The Post's lead editorial on Detroit's bankruptcy highlighted the role of pensions in the city's finances. It warned readers that the problem of large unfunded pensions is common, telling readers:
"A new survey by scholars at Boston College finds that state and local pension plans have $3.8 trillion in unfunded liabilities, even assuming strong rates of return."
Got that? $3.8 TRILLION in unfunded liabilities! Let's see, I've $26.43 in my pockets, how does that compare? [See correction note -- I was far too kind to the Post here.]
Okay, this is exactly the sort of irresponsible budget reporting that I wrote about yesterday. How many Post readers have any basis for assessing this $3.8 trillion unfunded liability figure?
It's not hard to put this number in a context that would make it meaningful to readers. First, it is important to note that this estimate is over a 30-year period, the normal planning period for public pensions. It is also worth noting that the estimate is not based on an assumption of "strong rates of return." Rather, the estimate assumes rates of return that are consistent with growth projections from the Congressional Budget Office and other forecasters.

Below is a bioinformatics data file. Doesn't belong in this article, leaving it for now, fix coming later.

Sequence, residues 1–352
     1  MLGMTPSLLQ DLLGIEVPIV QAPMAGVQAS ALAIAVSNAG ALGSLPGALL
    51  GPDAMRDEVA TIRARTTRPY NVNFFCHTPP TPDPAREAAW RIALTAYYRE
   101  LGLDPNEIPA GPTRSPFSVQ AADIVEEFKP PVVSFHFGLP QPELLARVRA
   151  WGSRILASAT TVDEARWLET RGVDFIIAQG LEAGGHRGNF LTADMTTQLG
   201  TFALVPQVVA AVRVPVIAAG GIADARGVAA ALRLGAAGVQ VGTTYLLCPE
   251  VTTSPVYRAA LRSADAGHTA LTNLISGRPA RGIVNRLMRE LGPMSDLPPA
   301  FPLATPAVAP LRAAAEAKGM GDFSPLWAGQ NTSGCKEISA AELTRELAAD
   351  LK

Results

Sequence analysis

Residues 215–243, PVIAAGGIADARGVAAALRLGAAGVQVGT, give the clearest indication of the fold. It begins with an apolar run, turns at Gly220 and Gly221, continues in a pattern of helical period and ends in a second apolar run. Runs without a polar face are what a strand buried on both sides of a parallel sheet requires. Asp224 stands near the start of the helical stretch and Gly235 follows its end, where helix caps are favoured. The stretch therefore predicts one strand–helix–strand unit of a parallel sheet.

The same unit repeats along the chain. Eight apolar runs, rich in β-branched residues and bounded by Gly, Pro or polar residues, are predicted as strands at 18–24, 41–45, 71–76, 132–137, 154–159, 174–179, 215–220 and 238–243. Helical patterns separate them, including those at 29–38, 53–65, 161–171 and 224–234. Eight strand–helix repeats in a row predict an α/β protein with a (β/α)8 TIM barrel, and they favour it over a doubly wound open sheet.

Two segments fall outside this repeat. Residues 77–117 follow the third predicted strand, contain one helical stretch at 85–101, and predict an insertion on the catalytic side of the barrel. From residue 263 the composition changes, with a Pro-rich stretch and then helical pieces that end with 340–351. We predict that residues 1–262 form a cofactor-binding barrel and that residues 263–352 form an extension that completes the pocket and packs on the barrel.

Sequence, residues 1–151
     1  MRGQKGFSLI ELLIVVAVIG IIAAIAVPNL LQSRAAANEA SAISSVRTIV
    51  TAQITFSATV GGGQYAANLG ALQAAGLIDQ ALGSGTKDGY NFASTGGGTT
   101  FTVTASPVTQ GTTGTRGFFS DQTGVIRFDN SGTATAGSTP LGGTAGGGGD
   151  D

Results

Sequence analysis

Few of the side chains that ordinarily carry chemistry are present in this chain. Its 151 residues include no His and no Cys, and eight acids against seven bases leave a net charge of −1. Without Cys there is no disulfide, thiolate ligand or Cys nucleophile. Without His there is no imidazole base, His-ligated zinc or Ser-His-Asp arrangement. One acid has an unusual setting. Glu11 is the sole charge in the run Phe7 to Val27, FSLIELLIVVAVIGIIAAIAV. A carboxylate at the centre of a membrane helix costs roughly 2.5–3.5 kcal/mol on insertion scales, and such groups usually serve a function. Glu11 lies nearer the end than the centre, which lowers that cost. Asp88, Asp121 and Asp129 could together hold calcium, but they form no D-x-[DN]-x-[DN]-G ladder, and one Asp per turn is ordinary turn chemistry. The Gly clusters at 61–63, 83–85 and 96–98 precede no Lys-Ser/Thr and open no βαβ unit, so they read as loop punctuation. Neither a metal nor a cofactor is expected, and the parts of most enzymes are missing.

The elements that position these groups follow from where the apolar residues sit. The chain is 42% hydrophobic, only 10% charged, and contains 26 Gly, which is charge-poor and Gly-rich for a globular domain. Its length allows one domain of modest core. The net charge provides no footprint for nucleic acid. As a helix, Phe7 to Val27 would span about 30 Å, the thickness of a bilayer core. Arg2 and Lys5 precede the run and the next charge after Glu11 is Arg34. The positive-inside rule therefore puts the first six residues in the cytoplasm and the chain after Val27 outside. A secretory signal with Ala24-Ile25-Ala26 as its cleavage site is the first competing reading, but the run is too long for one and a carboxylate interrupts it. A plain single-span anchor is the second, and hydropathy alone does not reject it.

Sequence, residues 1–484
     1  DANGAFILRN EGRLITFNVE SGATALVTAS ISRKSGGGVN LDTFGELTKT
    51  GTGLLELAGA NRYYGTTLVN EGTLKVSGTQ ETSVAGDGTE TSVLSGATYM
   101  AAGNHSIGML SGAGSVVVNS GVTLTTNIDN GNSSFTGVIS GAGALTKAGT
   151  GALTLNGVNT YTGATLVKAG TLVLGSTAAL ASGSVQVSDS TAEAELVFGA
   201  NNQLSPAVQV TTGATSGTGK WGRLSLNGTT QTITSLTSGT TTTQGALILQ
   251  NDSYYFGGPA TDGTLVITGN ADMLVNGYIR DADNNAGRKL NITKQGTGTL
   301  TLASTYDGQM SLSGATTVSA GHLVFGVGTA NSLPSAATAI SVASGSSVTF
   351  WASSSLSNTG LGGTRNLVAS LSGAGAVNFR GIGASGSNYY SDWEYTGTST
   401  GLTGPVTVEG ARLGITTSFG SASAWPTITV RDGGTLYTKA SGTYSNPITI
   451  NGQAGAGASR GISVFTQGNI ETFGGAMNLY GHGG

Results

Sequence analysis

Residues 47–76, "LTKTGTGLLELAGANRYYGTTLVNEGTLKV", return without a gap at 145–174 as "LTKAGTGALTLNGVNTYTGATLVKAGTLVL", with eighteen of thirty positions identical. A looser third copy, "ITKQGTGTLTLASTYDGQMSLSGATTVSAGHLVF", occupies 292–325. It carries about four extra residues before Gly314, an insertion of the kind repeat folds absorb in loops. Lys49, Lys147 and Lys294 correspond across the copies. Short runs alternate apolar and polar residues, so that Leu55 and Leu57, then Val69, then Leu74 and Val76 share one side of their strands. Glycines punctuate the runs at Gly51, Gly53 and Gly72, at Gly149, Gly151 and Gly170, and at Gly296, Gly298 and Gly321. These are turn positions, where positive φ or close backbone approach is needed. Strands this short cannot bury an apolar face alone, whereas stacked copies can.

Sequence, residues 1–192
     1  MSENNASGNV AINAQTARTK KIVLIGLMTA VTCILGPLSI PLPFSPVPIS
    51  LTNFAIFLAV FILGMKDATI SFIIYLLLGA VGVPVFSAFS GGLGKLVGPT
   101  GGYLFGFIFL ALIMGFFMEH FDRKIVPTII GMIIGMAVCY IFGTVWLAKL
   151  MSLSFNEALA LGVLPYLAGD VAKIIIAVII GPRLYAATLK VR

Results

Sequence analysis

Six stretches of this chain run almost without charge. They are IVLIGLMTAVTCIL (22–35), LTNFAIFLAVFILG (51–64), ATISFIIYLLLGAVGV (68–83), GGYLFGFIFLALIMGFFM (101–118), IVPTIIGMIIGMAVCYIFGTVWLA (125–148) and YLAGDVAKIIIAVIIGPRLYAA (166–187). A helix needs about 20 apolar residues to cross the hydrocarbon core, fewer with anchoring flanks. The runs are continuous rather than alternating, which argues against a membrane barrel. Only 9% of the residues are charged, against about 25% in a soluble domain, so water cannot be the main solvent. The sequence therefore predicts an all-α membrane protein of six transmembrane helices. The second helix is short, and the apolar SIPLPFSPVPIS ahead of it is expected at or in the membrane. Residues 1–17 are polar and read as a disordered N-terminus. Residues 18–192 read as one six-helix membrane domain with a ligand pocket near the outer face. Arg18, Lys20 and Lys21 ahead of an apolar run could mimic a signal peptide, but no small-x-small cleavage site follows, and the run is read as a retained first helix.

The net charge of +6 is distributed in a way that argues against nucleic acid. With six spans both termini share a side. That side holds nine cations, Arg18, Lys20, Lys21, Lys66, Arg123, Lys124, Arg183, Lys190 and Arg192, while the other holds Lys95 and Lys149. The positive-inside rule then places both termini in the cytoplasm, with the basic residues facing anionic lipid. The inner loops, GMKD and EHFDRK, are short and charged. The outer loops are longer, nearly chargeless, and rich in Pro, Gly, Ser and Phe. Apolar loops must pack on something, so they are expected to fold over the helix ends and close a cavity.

If the Post wanted to make this number meaningful, the obvious point of reference would be projected GDP over this 30-year period. The discounted value of GDP over the next 30 years is roughly $447 trillion, which means that the estimated shortfall is a bit less than 0.9 percent of GDP. That's hardly trivial, but not obviously a crushing burden either. Furthermore, many state and local governments are already contributing at rates that are consistent with filling this gap, meaning that no additional commitment of public funds will be needed to fill the shortfall, current levels of taxation are adequate.
The Post would have provided this information if the point was to inform readers. But that obviously was not the paper's point. The Post's point in this editorial was to scare readers to advance its agenda for cutting public pensions.